Premier Mark McGowan has announced WA will open its borders to Victoria and NSW on Tuesday, December 8 — just in time for Christmas.
The changes mean arrivals from NSW and Victoria will not be required to self-quarantine for 14 days from next Tuesday.
It means families who have been divided by the border for up to eight months can finally reunite for Christmas.
NSW and Victoria join Queensland, Tasmania, the ACT and the Northern Territory as “very low risk” jurisdictions.
Arrivals at Perth Airport will undergo a health screening and temperature check, as well as complete a G2G declaration.
Travellers will also have to declare that they have not knowingly mixed with anyone from South Australia.
Anyone who arrives in WA from NSW and Victoria before December 8 will be required to self-quarantine for 14 days.
The changes, which come into effect at 12.01am on December 8, are pending no further community cases in NSW.
South Australia remains a “medium risk” jurisdiction and people can only enter WA from that State if they meet strict exemption criteria.
Mark McGowan warned that anyone who drives from the eastern states via SA to WA will be treated as if they have been in SA.
The health risk in SA will be reviewed again on Friday, December 11, he said.
The Premier said the changes did not complete freedom of movement as WA would be the only State with a “controlled border” arrangement.
He said that if there was an outbreak in other States or Territories then he would not hesitate to put back up the hard border.
Victoria reached WA’s benchmark of 28 days with no community cases last Friday and Mr McGowan “hoped” NSW would hit that mark this coming Friday.
Mr McGowan said the opening to NSW and Victoria — which were being treated as a single jurisdiction because of their border communities — was pending no further outbreaks.
“I’ll make the point again, we will not hesitate to reinstate the hard border if there are outbreaks over east and we get medical advice to do so,” he said.
It wasn’t known how many people were expected to flood to WA for Christmas, but police are preparing for the inevitable surge, including “lots of tourists”.
While applauding the move to quarantine-free travel with NSW and Victoria, Chamber of Commerce and Industries WA chief executive Chris Rodwell warned the threat of hard border arrangements snapping back into place at the first sign of an outbreak in the eastern states remained a big drag on business confidence.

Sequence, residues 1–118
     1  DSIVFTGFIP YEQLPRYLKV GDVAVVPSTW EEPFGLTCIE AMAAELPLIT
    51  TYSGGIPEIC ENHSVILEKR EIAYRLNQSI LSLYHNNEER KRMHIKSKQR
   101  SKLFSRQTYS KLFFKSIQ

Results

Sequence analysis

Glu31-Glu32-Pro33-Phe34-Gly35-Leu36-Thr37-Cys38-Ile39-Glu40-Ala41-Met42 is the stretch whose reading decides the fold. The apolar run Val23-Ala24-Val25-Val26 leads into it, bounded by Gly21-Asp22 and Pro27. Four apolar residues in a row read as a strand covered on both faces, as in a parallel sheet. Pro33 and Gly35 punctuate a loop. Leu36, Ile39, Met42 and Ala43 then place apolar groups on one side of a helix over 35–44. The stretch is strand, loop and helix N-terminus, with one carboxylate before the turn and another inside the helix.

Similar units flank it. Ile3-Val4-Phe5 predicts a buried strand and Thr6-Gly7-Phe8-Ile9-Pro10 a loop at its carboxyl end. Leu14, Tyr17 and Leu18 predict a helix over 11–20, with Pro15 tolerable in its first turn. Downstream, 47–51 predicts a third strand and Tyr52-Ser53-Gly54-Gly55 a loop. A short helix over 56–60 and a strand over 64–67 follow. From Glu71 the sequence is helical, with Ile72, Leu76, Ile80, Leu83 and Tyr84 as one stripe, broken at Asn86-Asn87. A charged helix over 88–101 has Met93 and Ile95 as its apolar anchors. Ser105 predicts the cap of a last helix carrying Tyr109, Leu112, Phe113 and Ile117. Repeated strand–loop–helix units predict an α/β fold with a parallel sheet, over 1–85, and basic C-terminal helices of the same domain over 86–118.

“The importance of this should not be understated,” Mr Rodwell said.
“The full economic benefits from open borders will only be achieved if businesses and workers are confident that border restrictions will only be reimposed where it is absolutely essential to do so.
“To this end, it is important that the State Government signal its risk tolerance toward future outbreaks in other States.”
Tourism Council WA said the removal of quarantine for eastern states visitors would reinvigorate the aviation, hospitality, and events industries.
“More than 60 per cent of Western Australia’s interstate visitors come from New South Wales and Victoria, with visitors from those States injecting more than $1 billion annually into the WA economy,” Chief Executive Officer Evan Hall said.
“Today’s announcement will allow flights to be scheduled, events to be planned, and tourism businesses to take firm bookings.
“Right now, Australians are booking family reunions, summer holidays and next year’s getaways en masse. Today’s announcement means Western Australia can compete for those bookings.”
Mr Hall also urged an investment in discounted flights into Perth and regional WA to compete with other destinations.
The Premier this morning said the move was only possible due to Victoria’s “remarkable” elimination of coronavirus, which he labelled an “outstanding achievement”.
“NSW and Victoria have done a great job in eliminating the virus, subject to NSW getting to 28 days later this week,” Mr McGowan said.
“I’ve got to say this about the entire country, the National Cabinet has worked, the States have worked — admittedly at our own pace and in different ways — but the measures across the country have worked.
“If you compare our federation with other federations around the world, where there has been no cooperation, no measures put in place — like the United States — our example is the shining light to the world.”
He said the border could have been relaxed from December 4, but it was decided to give more time to allow travellers, airlines and the airport to adjust.
WA put up a hard border in the first week of April and has gone 233 days with no COVID-19 cases in the community.
Under changes that start today, places of worship will be exempt from the 2sqm rule and can operate at 60 per cent capacity.
The Premier said WA remained susceptible to an outbreak as almost all social distancing rules had been removed.
A mandatory contact register system for a host of venues and businesses begins on Saturday.